The People’s Champion is a brand that makes a very specific claim: that it is standing up for the consumer against the fat cats who line their pockets at the consumer’s expense. It’s an increasingly popular narrative in categories where old and established market leader/s dominate and stifle the industry, where barriers to entry are high for a challenger and the market leader's objective is to keep things exactly as they are.
For this reason, the energy sector - an industry where the big six brands in the UK hold over 90pc of the market, seem to have their fair share of brands claiming to be the People's Champion brand.
First came Ovo Energy, launched in 2009, offering lower prices and a public dressing down of the Big 6 from founder and spokesperson Stephen Fitzpatrick. “The Big Six make it really complicated to move" he explained. "The bills are badly communicated so people don’t really understand what they’re paying for”. Ovo tripled their customer base last year demonstrating great consumer demand for alternatives to the Big Six.
This year however, it's First Utility who most lay claim to the People’s Champion mantle by too offering lower energy prices to customers and launching a public campaign to scrap variable tariffs – the default tariff offered by the big six energy companies which has Britain overpaying on their energy bills by an estimated £3.4 Billion. “Being a challenger brand is about attitude, not size,” said Head of Marketing, Paul Cable. “We see our role as trying to keep the rest of the industry honest and challenging anything we see that isn’t in customers’ best interests.”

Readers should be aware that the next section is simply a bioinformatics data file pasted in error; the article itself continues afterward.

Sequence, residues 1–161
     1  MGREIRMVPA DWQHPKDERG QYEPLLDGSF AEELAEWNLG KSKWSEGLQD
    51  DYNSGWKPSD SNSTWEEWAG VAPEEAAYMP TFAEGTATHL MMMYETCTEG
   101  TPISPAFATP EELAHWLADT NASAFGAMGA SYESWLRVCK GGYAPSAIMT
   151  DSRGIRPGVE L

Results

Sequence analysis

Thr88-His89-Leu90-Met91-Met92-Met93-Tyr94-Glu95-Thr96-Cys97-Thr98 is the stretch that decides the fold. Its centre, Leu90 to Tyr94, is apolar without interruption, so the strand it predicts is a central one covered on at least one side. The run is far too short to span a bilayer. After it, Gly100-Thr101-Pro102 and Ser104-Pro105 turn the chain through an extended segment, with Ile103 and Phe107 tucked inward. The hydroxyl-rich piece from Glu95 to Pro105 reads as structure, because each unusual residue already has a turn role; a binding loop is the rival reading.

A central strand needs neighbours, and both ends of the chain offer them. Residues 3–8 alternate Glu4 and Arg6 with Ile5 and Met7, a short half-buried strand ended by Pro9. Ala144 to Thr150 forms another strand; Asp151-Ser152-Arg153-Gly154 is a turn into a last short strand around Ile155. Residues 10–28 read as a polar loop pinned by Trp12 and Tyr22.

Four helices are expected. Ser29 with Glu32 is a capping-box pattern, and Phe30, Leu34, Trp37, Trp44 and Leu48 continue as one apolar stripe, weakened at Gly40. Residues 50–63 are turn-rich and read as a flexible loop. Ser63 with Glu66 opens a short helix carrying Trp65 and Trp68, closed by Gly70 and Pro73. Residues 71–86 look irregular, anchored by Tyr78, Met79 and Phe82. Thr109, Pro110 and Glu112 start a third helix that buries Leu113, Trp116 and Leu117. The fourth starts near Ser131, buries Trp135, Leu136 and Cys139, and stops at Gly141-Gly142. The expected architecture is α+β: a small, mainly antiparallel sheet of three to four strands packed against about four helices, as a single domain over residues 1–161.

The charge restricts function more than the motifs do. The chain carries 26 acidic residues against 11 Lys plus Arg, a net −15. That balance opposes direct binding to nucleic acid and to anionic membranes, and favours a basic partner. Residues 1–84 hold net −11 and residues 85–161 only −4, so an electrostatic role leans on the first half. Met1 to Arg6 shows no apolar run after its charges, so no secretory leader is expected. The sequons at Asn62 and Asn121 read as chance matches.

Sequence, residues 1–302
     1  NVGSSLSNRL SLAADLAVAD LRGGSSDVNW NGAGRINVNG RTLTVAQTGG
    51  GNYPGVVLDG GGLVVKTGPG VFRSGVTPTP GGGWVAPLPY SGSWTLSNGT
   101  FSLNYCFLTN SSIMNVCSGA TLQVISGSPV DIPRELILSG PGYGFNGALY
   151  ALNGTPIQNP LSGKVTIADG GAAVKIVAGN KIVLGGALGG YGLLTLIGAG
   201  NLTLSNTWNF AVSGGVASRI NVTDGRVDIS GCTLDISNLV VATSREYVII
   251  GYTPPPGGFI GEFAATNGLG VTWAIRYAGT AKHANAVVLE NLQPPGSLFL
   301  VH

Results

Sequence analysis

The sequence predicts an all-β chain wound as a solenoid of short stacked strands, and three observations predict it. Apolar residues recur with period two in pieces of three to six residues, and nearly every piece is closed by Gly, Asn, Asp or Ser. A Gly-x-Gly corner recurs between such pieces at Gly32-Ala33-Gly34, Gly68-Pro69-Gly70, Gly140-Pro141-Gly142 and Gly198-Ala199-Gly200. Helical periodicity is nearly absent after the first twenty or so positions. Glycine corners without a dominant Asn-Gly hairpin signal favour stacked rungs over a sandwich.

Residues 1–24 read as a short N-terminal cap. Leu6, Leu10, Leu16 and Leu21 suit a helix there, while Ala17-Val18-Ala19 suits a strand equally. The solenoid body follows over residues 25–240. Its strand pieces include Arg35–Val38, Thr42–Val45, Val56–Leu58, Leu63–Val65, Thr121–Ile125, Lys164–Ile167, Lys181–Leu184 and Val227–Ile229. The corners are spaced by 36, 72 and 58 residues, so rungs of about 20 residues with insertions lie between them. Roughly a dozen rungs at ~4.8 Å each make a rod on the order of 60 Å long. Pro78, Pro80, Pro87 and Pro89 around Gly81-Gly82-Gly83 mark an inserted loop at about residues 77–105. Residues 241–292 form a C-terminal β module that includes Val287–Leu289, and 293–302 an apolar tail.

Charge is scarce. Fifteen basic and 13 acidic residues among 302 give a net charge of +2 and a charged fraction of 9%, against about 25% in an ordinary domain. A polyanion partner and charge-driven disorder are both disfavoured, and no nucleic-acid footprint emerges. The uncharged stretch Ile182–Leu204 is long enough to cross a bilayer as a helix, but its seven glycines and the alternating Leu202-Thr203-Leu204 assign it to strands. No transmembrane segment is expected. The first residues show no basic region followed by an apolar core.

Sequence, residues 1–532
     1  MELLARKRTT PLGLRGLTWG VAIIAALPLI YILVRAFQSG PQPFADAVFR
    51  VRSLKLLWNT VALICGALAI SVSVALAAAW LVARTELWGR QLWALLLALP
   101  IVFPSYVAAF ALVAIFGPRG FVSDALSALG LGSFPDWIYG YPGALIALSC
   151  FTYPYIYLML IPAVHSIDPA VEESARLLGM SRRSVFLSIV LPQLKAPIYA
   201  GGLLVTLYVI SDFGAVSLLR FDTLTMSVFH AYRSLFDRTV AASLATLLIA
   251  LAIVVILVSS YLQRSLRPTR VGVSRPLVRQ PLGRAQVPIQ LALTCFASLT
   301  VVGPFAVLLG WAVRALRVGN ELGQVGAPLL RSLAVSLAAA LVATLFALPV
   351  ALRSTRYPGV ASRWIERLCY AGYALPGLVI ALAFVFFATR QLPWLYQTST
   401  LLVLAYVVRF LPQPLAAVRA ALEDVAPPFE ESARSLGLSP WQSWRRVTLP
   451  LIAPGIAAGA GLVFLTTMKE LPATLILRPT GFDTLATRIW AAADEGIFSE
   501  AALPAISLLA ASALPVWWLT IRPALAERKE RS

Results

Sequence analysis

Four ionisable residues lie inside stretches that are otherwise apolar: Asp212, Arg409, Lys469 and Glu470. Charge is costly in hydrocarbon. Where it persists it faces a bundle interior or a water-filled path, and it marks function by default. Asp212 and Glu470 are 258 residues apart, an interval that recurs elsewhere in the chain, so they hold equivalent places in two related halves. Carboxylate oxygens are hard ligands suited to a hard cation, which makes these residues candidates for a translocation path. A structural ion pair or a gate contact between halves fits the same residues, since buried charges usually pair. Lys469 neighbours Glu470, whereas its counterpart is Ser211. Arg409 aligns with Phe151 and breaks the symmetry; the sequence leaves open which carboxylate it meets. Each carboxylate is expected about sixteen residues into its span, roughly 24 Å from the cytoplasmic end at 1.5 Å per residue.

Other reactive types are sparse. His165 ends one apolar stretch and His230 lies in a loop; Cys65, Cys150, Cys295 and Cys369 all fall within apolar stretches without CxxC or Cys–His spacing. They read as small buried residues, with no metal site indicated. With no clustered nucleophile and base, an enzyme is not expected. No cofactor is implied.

First Utilty’s ‘Unicorn Power’ TV ad, debuting at the turn of the year, brilliantly exemplified their challenge to the incumbents, creating a fake energy company called ‘HD Power’ to highlight nonsensical advertising from the market leaders as well as a general attitude of patronising superiority they have for the British public.
Being the fastest growing energy company in the UK - 275,000 new customers joined First Utility last year, can have it’s pitfalls. A sharp rise in the number of customer complaints were made last year – not ideal for a brand that prides itself on championing the customer. Although to be fair to First Utility they’ve pledged to invest £20M in customer services to address the issue.
As with any true challenger brand, the brand identity needs to be built on rock, and manifest itself throughout the organisation - not just in their communications, but in their behaviours, actions and company culture. Demonstrating rapid-growth and a swagger in their advertising, First Utility seem to have the challenger energy running through them in 2016. We’re hoping it’s real and substantial. Unicorn Power alone is not enough.
For radical transparency.
For killing email with kindness.
For figuring out how to be both global and local.
For setting a new standard for 'Challenger Banks'.
For making Amazon's weak spot a competive advantage.
For promising to make Apple look small time.
For breaking the taboo around menstruation.
For paving the way for a new generation of belief-led brands.
For a fresh toke - sorry take, on the cannabis category.
For taking the showroom concept to another level.
For bringing color and advance to not-drinking.
For creating a financial platform to one day rival Wall Street.
For 'Drink no Evil' and sticking it to Coke.
For at least attempting to get some of us off the grid.
For standing up to the UK's Big 6 Energy firms.
For being anti-antivirus.
For giving Uber a bloody nose in 2016. (We hope...)
For flipping the rules of dating.
For elegantly positioning cable as a thing of the past.
For being the 'Real & Human' challenger in FMCGs.
Editor of The Challenger Project, marketing at eatbigfish. Fan of the underdog. West Ham supporter. All adds up really.